Blog of the International Journal of Constitutional Law

Japan Equality Case

The Tokyo District Court just handed down a decision finding that a national university’s (Tokyo Institute of Technology or TIT) denial of admission to a foreign student was unconstitutional. The case concerned an Iranian student, a refugee in Japan, who applied to the Department of Nuclear Engineering at the TIT. TIT denied his application on national security grounds, citing the Iranian government’s effort to acquire nuclear weapons capacity, and referring to a UN resolution asking member state to keep citizens of Iran from access to education regarding nuclear technology. The Iranian student filed a suit for damages against TIT. On Dec. 19, 2011, a panel of the Tokyo District Court, presided over by Judge Kobayashi, held that TIT discriminated the student on basis of his nationality, violating Article 14 of the Japanese Constitution (the equality clause). The Court found that TIT failed to consider the student’s refugee status, and that his application had nothing to do with the Iranian government’s nuclear program. But the court did not grant injunctive relief to give the student admission, saying that the conclusion will be left to TIT after it reopens the reviewing process. It also denied the student’s claim for damages, saying TIT’s action did not meet the standard of negligence, which is required under the relevant government compensation statutes. Still, the decision represents a very rare instance of Japan’s lower courts applying Article 14 to foreigners in such a context.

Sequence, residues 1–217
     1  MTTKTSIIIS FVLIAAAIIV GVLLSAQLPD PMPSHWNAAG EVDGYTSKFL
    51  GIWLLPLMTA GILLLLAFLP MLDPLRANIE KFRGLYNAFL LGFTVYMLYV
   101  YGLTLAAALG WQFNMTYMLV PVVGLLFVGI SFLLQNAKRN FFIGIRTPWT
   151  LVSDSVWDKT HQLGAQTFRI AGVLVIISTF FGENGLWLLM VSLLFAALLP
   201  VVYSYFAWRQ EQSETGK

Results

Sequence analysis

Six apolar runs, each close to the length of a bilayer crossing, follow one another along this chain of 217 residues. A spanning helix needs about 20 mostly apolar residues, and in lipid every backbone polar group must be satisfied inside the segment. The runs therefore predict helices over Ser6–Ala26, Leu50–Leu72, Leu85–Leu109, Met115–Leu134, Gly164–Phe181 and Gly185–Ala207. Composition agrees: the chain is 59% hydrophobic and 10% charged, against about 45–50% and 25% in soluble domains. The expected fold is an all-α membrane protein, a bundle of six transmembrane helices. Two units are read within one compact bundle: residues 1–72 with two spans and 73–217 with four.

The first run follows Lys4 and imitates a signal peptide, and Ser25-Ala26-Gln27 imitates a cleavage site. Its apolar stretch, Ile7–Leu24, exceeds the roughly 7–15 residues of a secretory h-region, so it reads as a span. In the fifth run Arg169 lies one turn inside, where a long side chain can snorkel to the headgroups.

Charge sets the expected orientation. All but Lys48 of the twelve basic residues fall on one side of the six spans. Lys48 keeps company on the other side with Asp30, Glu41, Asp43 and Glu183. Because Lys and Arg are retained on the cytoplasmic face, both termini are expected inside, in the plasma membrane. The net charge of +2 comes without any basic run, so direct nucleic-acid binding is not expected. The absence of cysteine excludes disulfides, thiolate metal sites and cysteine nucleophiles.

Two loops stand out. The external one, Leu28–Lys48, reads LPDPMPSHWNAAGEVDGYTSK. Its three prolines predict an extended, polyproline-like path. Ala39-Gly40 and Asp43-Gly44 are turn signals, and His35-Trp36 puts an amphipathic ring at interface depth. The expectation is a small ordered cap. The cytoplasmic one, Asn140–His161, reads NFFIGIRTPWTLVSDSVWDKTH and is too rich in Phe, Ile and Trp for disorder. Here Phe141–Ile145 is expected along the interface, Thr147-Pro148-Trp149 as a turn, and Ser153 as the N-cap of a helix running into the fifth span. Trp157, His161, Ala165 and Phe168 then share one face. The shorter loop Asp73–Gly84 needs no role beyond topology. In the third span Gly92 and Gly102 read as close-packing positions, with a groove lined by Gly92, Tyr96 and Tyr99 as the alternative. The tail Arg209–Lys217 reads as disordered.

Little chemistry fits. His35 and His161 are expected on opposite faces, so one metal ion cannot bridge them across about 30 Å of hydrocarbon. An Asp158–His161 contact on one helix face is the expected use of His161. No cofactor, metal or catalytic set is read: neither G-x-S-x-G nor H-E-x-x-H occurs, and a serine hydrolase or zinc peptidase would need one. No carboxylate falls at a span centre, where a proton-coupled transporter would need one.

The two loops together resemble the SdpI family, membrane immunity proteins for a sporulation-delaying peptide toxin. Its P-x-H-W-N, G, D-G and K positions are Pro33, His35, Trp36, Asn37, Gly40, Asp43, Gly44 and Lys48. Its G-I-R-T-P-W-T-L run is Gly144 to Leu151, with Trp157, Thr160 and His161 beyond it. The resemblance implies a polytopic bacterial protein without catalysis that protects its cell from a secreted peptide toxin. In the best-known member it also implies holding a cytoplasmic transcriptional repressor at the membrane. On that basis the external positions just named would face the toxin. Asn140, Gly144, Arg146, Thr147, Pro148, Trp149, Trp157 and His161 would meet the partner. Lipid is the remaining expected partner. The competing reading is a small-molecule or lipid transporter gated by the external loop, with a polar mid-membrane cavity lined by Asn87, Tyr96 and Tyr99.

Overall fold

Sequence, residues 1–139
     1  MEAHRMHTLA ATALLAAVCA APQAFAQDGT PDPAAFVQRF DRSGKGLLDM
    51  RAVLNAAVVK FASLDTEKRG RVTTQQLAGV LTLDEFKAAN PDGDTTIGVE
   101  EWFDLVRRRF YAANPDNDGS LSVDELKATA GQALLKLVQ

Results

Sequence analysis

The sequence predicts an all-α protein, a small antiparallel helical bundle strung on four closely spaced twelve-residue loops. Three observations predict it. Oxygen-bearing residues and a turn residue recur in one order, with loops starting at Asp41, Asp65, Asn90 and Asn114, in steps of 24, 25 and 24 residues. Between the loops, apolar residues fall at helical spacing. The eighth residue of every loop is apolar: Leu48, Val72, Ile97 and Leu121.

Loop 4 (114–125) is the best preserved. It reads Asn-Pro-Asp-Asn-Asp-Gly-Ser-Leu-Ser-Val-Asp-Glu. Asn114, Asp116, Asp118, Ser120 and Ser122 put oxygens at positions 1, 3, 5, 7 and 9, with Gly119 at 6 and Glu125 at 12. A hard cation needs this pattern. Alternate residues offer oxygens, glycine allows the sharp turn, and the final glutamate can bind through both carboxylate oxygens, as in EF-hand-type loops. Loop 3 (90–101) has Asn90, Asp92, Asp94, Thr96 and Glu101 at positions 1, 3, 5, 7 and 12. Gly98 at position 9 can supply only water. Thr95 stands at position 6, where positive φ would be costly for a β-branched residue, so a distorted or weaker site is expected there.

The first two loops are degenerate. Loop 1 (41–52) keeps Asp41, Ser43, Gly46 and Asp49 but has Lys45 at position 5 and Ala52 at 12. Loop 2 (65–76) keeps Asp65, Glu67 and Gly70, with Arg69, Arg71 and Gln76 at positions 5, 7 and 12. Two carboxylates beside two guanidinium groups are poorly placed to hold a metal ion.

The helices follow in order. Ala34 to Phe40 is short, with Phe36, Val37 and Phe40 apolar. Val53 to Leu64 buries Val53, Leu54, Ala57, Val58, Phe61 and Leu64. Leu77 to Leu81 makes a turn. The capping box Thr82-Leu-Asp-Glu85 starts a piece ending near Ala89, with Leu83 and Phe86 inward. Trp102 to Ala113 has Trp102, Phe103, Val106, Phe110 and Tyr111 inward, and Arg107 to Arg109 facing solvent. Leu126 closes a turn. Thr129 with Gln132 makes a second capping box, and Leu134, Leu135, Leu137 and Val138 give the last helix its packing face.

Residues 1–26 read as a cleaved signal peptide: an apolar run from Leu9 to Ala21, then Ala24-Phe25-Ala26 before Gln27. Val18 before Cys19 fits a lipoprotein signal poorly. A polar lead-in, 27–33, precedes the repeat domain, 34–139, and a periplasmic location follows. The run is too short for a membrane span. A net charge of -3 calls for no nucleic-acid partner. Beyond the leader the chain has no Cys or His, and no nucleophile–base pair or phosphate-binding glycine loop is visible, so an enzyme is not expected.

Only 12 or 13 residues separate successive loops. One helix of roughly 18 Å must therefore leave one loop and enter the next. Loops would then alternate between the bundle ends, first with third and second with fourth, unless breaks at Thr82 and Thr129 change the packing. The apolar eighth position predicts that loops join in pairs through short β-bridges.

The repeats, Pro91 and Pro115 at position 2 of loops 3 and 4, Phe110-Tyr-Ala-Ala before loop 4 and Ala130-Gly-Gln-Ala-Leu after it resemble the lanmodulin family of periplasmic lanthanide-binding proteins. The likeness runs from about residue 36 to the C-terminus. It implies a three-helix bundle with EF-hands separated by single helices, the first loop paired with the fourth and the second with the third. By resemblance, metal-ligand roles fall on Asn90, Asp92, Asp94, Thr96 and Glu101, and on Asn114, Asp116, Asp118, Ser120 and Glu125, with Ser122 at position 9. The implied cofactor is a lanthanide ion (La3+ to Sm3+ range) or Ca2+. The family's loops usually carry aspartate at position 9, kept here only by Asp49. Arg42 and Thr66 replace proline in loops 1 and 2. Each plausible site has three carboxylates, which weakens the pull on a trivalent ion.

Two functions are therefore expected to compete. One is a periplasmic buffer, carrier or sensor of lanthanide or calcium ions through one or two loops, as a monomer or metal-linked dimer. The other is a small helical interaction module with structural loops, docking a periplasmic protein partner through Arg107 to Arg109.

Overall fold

–Tokujin Matsudaira


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